The President's Pen (1)I read not too long ago that there are two things we desire as humans: aspiration and affiliation. We aspire to do something significant in our lives. And we want to be affiliated – we want to belong. If that is true then the church is in the perfect place to meet those desires. Unfortunately, especially in the case of affiliation, cultivating a sense of belonging seems to be tough to come by in a lot of our churches.

I tried to join the Rotary Club. I say I tried because after struggling for 8 months to belong to the group I gave up. I had been attending the meetings fairly regularly and had sat at a number of different tables in an attempt to become acquainted. At each meeting I had to go around and reintroduce myself to a group of about thirty Rotarians. Few remembered my name. It was obvious that, except for a couple of people, they didn’t care if I was there or not. I sang their silly songs. I repeated the pledge. I applied for membership. I was even willing to contribute financially to the causes they espoused. I thought I was a part of the group even if they didn’t. The Membership Chairman contacted me via email to tell me that I was accepted as a member. The next meeting I happened to go up to a couple of older guys, like me, to enter into their conversation. When I was asked who I was I told them my name and proudly stated that I was their newest member. One of the men looked at me with suspicion and said, “Have you been formally inducted?” I replied, “No.” To which he said haughtily, “Then you are not a member.” He then turned away from me to continue his conversation with a “real” Rotarian.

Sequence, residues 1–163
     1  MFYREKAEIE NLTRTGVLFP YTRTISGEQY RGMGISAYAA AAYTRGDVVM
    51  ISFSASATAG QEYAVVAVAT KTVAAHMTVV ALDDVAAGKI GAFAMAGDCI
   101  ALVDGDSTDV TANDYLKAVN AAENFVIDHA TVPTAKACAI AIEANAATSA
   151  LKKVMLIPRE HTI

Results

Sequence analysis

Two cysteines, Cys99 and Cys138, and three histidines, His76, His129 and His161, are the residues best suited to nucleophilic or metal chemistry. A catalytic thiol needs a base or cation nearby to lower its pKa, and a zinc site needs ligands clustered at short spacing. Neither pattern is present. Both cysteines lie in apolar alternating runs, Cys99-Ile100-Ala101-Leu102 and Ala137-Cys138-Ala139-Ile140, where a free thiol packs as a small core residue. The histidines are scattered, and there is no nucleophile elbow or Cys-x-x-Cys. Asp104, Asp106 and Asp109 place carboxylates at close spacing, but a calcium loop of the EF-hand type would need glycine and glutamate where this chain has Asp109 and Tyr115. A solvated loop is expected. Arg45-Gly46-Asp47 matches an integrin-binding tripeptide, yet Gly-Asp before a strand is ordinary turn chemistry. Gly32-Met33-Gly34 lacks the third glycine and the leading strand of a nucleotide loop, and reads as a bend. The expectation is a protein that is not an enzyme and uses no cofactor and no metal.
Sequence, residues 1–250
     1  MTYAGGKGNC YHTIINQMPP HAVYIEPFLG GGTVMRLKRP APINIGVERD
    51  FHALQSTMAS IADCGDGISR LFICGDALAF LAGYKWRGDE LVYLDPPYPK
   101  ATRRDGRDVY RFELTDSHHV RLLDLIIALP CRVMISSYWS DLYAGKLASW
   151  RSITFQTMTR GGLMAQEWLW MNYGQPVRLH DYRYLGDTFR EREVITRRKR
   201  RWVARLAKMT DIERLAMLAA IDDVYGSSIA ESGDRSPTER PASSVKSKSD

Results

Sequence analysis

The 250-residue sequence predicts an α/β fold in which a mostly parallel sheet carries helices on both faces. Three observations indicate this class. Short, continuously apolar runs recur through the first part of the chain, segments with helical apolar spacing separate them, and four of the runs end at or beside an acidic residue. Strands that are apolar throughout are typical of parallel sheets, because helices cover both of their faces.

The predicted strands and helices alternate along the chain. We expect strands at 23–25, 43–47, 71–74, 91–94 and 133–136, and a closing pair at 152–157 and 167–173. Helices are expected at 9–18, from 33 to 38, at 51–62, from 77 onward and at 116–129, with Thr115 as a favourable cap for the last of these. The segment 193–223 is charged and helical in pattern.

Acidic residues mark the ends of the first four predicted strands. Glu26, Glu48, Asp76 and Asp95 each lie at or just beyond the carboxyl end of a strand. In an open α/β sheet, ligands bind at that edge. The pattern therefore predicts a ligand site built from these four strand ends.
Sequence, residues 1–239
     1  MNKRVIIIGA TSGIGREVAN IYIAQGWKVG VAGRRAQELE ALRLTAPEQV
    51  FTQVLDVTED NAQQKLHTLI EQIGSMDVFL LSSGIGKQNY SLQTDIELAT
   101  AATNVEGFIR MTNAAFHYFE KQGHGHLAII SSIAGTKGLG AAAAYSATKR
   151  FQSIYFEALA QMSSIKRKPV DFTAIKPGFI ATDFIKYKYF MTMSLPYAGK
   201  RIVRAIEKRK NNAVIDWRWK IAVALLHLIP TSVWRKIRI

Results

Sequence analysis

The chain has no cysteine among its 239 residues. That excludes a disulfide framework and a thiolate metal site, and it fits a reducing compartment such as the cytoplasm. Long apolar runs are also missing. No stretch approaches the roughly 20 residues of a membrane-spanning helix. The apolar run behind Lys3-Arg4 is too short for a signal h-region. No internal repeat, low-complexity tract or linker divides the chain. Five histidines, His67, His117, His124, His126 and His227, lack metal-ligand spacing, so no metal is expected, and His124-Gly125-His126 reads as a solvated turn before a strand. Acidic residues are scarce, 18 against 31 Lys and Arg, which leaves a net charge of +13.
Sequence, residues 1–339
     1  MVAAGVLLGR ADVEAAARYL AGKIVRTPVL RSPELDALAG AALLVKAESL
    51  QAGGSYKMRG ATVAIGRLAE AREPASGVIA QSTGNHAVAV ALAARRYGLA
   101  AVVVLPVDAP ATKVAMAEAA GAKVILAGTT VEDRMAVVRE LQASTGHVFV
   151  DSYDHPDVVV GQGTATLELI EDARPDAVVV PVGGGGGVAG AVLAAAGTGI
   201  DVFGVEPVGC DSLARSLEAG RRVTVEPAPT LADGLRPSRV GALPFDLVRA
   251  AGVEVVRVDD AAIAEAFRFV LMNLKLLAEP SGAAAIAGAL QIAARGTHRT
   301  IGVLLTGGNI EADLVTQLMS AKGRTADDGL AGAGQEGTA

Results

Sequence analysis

Do we do the same in church? There is a real desire among us to belong. Our communities are full of people who know that living a fulfilled life means sharing that life with others. We want to belong. Many want to belong to the church. But, sometimes we in the church give the impression that belonging is only possible when we fulfill the expectations of others. Could it be that there is someone who feels a closeness, a connectedness, to your church who has not formally become a member? If so, what is our attitude toward them? Are we inclusive or exclusive? If someone were to say, “This is my church home?” Do we respond by asking them, “Well, have you been baptized?” Or, “Have you joined our membership?” And to conclude, “Oh, then you’re not a member.”

Don’t misunderstand me. I am not advocating for open membership. We do have to respond to the requirements of Scripture. We need to be baptized and declare formal membership. But for all those who want to belong, who even feel they belong, shouldn’t we make them feel welcome? Shouldn’t they feel included? Jesus lived out His faith that way. Whether it was a tax collector, or a disreputable woman, He gave them the sense that they belonged.

Yes, we need to make sure that everyone knows the requirements of membership. But, in the meantime, can’t we also make sure everyone knows they’re welcome?

Belonging President Larry Carter

By Phil Beavers | July 28th, 2016 | Categories: The President's Pen